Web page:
Despite the long-standing interest in the organization of ant communities across elevational gradients, few studies have incorporated the evolutionary information to understand the historical processes that underlay such patterns. Through the evaluation of phylogenetic α and β-diversity, we analyzed the structure of leaf-litter ant communities along the Cofre de Perote mountain in Mexico and evaluated whether deterministic- (i.e., habitat filtering, interspecific competition) or stochastic-driven processes (i.e., dispersal limitation) were driving the observed patterns. Lowland and some highland sites showed phylogenetic clustering, whereas intermediate elevations and the highest site presented phylogenetic overdispersion. We infer that strong environmental constraints found at the bottom and the top elevations are favoring closely-related species to prevail at those elevations. Conversely, less stressful climatic conditions at intermediate elevations suggest interspecific interactions are more important in these environments. Total phylogenetic dissimilarity was driven by the turnover component, indicating that the turnover of ant species along the mountain is actually shifts of lineages adapted to particular locations resembling their ancestral niche. The greater phylogenetic dissimilarity between communities was related to greater temperature differences probably due to narrow thermal tolerances inherent to several ant lineages that evolved in more stable conditions. Our results suggest that the interplay between environmental filtering, interspecific competition and habitat specialization plays an important role in the assembly of leaf-litter ant communities along elevational gradients.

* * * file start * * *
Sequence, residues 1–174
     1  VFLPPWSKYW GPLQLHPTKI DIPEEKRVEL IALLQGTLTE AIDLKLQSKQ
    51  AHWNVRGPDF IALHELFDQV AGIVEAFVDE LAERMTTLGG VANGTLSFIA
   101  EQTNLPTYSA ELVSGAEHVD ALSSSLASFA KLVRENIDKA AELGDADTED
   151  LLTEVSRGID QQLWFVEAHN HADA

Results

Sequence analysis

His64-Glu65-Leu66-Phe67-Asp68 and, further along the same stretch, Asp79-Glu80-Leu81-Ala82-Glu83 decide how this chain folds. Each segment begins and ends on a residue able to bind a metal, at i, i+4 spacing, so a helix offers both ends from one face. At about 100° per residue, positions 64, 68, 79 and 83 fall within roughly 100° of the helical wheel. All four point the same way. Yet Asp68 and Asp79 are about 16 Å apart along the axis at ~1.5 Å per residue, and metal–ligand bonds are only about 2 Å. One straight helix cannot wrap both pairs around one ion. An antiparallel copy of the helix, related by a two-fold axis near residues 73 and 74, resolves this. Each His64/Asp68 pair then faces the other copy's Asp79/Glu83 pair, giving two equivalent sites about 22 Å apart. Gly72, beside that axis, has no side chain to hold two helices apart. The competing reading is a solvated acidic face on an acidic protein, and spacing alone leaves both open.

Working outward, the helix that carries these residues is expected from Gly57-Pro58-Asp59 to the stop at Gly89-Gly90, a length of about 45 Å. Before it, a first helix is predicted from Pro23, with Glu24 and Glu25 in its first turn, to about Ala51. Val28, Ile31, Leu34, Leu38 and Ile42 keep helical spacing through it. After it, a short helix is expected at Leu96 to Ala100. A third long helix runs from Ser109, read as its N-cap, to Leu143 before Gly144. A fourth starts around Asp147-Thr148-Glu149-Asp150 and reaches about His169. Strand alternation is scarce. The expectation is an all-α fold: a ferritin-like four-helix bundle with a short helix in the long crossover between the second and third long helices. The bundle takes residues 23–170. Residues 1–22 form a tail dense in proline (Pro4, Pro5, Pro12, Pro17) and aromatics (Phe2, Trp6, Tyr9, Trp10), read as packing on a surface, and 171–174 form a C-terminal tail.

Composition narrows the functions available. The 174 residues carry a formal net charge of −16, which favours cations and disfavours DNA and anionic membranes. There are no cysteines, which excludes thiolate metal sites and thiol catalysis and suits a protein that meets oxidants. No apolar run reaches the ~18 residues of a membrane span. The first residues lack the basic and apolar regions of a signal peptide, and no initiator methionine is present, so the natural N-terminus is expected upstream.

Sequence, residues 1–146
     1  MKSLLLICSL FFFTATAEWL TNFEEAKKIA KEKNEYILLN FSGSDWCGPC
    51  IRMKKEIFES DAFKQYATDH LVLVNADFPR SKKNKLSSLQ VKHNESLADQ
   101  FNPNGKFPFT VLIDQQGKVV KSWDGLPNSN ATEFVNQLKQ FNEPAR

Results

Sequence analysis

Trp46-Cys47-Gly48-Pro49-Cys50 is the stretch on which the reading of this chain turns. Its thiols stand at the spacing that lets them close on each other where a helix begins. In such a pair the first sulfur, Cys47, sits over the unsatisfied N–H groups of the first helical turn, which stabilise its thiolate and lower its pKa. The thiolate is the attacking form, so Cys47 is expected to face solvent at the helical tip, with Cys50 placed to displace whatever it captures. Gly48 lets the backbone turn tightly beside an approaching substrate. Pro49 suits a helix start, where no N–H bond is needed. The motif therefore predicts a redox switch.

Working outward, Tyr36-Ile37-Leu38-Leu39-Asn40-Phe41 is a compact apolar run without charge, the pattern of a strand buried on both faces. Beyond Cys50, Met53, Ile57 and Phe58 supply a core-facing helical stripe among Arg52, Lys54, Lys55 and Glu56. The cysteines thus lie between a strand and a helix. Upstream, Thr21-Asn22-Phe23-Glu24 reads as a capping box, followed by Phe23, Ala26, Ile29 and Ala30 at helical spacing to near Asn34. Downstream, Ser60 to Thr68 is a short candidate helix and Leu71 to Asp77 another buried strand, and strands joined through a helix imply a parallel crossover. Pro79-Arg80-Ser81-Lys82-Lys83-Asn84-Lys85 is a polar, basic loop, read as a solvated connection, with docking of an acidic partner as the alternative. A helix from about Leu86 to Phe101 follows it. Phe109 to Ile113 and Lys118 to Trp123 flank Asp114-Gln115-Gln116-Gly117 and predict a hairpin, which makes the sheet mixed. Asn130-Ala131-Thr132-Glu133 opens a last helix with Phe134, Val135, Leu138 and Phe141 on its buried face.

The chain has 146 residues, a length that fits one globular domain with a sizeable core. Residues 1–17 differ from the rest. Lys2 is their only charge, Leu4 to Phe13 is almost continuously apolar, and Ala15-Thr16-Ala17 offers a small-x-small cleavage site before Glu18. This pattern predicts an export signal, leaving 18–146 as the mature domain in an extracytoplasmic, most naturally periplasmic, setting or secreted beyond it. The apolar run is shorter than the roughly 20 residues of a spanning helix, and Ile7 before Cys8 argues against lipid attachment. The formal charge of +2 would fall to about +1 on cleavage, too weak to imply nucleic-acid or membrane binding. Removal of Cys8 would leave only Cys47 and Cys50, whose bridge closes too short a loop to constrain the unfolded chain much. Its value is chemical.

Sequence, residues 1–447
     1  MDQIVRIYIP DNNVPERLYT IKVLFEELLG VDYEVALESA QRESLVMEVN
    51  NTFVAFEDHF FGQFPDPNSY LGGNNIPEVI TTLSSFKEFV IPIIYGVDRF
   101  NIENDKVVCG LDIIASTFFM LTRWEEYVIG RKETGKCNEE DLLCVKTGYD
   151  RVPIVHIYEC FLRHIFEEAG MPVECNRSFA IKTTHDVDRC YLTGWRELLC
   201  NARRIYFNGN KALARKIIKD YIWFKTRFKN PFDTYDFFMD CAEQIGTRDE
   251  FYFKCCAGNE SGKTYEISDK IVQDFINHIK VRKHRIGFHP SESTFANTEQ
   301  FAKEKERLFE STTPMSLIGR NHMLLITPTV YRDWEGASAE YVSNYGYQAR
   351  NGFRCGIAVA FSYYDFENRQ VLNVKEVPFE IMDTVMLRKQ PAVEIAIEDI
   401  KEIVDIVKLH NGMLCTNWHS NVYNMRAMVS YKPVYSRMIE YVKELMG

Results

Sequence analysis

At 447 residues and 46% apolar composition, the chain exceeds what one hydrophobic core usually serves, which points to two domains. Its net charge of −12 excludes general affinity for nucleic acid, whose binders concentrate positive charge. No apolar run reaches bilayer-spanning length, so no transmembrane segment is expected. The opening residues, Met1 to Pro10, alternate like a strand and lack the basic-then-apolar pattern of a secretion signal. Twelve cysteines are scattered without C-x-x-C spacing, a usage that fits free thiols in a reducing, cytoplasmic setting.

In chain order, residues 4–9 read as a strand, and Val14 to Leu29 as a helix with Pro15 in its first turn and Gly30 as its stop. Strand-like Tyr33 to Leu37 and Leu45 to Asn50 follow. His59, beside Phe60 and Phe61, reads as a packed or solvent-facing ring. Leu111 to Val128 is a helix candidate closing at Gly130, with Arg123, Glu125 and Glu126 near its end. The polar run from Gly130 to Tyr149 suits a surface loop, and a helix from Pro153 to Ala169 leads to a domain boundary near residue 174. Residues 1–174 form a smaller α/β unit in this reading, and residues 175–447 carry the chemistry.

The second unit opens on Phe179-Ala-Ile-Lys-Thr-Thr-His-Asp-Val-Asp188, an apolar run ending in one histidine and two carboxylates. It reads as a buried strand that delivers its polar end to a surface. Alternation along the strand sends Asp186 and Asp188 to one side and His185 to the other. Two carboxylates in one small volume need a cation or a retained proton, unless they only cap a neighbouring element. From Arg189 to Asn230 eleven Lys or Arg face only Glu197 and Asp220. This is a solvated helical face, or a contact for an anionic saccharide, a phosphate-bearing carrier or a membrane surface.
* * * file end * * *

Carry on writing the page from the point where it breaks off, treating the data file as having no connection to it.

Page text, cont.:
- Phylogenetic diversity